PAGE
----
Back in in the Swinging Sixties, a small, light, fiberglass car was making a big splash up and down the West coast.

That car was the Meyers Manx buggy, a Volkswagen Beetle-based buggy with very little in the way of bodywork but a heck of a lot of style, the brainchild of Californian Bruce Meyers.

The world might now be a different place but people still love the feeling of freedom the buggy brought, so it's no surprise that Volkswagen has brought out the Buggy Up concept, a sixties throwback with all the economy and low emissions of the 21st-Century Up minicar.

The Buggy Up went on display at the recent 2011 Frankfurt Auto Show, alongside several other unique Up-based concepts.

With its bright orange bodywork and lack of doors, the Buggy Up certainly has strong echoes of Bruce Meyers' sixties classic, while displaying a strong family resemblance to the car its based on - something that couldn't be said about the original.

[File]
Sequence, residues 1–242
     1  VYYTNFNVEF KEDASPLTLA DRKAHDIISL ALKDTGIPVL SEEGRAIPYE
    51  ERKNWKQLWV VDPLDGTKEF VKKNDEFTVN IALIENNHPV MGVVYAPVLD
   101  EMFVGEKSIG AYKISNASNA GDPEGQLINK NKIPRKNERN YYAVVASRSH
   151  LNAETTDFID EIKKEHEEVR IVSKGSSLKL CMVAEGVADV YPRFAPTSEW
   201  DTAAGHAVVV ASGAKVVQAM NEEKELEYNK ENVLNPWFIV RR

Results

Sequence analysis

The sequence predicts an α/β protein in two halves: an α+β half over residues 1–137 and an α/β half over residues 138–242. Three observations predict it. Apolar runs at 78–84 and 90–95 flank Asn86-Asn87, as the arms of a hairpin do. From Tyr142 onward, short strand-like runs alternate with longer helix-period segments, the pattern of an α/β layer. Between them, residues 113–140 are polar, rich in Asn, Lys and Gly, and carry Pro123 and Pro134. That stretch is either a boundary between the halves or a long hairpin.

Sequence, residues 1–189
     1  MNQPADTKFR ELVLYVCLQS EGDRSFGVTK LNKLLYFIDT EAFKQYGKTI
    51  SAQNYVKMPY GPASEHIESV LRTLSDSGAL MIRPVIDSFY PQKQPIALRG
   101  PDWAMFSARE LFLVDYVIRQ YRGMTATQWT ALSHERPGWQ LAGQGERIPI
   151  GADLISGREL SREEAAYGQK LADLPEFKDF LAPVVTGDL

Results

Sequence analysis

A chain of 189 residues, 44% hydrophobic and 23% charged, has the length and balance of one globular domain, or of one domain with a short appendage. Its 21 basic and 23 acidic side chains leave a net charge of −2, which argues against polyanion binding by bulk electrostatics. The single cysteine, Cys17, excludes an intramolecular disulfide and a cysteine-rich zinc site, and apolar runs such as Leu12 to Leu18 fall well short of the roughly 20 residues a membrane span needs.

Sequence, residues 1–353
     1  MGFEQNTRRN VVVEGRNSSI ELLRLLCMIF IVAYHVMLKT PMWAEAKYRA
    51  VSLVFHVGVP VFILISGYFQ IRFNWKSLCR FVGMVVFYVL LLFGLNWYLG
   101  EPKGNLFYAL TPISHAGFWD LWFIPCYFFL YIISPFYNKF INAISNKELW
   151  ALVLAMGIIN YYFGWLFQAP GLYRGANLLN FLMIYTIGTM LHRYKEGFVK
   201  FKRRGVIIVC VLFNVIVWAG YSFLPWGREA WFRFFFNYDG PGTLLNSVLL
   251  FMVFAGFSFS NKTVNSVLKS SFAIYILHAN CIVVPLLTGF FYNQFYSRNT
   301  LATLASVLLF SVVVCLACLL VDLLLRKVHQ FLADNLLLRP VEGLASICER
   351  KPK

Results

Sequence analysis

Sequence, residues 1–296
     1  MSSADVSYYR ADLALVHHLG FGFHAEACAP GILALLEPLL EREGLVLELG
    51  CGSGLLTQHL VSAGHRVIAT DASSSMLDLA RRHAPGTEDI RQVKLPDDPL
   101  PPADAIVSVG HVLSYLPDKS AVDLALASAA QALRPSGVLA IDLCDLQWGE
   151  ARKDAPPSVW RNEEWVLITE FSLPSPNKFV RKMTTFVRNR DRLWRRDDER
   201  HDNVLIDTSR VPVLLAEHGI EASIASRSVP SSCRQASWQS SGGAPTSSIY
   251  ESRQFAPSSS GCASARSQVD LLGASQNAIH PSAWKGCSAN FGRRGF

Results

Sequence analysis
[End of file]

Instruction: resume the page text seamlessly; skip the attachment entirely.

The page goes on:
Also unlike the original are the dimensions. Most Manx buggies were based on a shortened Beetle floorpan, but the Buggy Up is a few inches longer than the 11.6-foot Up and just over an inch wider. It's also lower which gives it a squat, dynamic stance on its large 18-inch alloy wheels.

With only a bikini-style roof, no doors and less trunk space than the regular Up it's not what you might call a practical machine, but a split tailgate and luggage rack would make it perfect for a day at the beach.

Underneath the wild body all the regular Up's mechanical components are present and correct, which means a 3-cylinder, 1.0-liter gasoline engine powering the front wheels. As a concept, Volkswagen doesn't provide many details, but the regular Up will have 59- and 74-horsepower engine options.

With open-top aerodynamics we couldn't see it matching the standard Up's 56 MPG economy, but even so it should comfortably beat the 30 MPG 1960s and 1970s Beetles managed, while producing vastly lower emissions and more performance.

Unfortunately - but not unexpectedly - there are no production plans, and North America probably won't even get the regular Up making it another "forbidden fruit", but we love the Buggy Up's simple sense of fun.

It goes to show - to enjoy 1960s style with 21st-Century green living might not mean having to spend 21st-Century green...


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